A recent news report  highlighted the potential for conflict and administration work in NSW indigenous land areas. The work required is to determine the extent of overlap between native title claims and historical dispossession in NSW indigenous land areas, the latter being a possible basis for compensation.
The Land Rights regime created by the NSW Wran government did not anticipate the compensation claims. If the native title claims were able to be considered at the time of creation of broader land titles, and integrated within them, it would make the extinguishment point moot.
The Aboriginal Land Rights Act 1983 (ALRA) was introduced to compensate Aboriginal people in NSW for dispossession of their land. The systems reflect different attitudes to land too: native title is not based on European ideas of control, transfer, economics. It is based on assumptions about continuity.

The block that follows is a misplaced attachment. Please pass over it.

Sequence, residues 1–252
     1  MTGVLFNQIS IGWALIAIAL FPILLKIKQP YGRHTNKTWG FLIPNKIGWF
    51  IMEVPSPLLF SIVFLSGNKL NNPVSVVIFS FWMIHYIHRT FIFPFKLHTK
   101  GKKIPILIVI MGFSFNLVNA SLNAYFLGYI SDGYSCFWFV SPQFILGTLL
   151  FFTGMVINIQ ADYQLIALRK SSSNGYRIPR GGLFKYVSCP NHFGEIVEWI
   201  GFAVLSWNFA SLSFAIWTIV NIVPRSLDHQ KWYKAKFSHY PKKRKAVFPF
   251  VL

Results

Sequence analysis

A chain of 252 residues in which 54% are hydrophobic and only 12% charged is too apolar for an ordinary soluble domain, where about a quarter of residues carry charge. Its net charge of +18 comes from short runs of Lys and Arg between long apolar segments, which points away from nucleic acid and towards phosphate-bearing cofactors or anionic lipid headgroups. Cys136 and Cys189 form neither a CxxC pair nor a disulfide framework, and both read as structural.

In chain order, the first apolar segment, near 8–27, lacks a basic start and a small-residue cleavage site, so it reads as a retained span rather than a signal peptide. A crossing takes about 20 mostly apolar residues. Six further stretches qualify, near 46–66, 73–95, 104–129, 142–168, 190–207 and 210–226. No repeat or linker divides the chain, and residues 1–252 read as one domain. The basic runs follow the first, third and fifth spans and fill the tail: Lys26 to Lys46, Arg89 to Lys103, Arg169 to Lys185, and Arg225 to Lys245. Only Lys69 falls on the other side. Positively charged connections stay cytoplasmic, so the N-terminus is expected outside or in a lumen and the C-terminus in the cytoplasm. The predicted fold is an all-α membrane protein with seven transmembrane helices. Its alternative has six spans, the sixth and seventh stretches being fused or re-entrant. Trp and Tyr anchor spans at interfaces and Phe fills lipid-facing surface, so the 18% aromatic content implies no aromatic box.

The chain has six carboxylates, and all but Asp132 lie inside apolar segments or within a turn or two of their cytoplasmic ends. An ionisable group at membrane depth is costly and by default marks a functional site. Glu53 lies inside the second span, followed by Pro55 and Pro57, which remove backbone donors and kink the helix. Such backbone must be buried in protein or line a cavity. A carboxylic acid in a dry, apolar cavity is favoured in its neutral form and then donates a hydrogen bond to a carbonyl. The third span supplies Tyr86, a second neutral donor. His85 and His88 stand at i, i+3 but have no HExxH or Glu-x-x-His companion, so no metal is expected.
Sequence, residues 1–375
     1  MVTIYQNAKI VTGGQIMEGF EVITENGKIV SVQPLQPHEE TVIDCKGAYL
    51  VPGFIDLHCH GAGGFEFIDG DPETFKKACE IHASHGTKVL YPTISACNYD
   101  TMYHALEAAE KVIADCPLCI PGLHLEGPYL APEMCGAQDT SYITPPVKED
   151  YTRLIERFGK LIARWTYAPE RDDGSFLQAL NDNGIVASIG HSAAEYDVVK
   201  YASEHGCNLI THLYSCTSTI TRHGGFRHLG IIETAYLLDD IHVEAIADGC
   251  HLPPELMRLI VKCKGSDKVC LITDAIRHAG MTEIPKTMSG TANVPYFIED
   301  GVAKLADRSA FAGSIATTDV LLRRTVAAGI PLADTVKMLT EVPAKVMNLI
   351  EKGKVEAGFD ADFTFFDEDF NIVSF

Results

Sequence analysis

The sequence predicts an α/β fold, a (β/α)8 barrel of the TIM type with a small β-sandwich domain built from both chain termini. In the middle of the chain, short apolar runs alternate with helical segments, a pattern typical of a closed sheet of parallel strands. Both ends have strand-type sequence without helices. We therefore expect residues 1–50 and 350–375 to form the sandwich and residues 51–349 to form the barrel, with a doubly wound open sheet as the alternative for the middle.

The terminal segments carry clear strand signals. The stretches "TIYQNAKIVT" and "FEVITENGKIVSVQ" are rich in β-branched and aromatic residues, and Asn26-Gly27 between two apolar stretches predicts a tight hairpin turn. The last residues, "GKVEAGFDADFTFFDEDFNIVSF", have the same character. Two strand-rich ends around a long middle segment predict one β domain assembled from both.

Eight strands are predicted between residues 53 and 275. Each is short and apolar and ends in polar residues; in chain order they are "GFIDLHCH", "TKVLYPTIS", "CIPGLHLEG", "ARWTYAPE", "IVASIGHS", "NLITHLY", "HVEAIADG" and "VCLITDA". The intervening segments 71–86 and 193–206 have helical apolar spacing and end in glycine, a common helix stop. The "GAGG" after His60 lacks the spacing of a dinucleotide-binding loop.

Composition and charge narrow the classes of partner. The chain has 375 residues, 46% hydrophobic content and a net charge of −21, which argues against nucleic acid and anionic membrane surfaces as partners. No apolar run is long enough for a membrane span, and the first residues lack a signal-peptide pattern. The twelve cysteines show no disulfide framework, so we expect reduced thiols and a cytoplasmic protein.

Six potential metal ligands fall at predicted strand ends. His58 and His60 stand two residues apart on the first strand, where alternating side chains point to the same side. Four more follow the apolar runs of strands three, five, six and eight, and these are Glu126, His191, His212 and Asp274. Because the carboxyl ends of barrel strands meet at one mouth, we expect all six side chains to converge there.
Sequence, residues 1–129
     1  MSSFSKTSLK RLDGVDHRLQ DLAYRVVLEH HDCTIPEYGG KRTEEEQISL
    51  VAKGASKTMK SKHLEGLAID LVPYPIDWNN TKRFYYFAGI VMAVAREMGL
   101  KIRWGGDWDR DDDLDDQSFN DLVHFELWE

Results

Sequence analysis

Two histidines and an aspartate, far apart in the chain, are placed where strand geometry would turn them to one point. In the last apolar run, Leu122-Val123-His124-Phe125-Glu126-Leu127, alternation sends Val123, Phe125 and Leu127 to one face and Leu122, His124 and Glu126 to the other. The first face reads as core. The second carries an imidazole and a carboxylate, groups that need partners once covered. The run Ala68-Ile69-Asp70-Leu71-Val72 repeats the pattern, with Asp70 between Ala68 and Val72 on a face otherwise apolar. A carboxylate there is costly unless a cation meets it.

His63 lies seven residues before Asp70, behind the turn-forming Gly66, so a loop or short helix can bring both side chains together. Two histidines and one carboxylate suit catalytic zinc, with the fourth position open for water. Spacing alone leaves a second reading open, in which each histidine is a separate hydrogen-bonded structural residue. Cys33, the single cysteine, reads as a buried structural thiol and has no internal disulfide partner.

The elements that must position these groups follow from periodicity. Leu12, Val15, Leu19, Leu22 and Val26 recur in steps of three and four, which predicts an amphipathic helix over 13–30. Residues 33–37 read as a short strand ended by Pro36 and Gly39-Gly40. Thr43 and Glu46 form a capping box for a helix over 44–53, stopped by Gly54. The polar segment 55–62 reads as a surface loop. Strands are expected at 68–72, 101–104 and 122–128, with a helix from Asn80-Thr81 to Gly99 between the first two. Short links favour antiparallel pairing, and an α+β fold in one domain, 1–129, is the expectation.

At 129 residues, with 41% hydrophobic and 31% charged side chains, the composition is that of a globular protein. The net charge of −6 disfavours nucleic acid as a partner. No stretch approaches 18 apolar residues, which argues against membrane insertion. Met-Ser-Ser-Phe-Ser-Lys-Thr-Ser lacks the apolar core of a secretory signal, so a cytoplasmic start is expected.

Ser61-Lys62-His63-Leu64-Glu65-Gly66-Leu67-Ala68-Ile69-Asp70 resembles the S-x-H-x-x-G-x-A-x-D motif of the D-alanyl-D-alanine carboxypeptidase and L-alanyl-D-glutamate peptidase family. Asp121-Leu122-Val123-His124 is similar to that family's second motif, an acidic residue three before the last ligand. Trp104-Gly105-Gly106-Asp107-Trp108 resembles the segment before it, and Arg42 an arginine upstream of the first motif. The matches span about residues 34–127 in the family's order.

The existence of Land Rights now represents a basis for economic payouts for loss. However, native title is a concept based on the assumption of continuity of relation to land, not dispossession per se.
There are tens of thousands of native title claims being processed and hundreds of LALC’s. The reconciliation of the LALC land boundaries and native title areas is a big data job, most likely requiring people with local knowledge teaming up with people skilled in data processing and land or geographic information systems.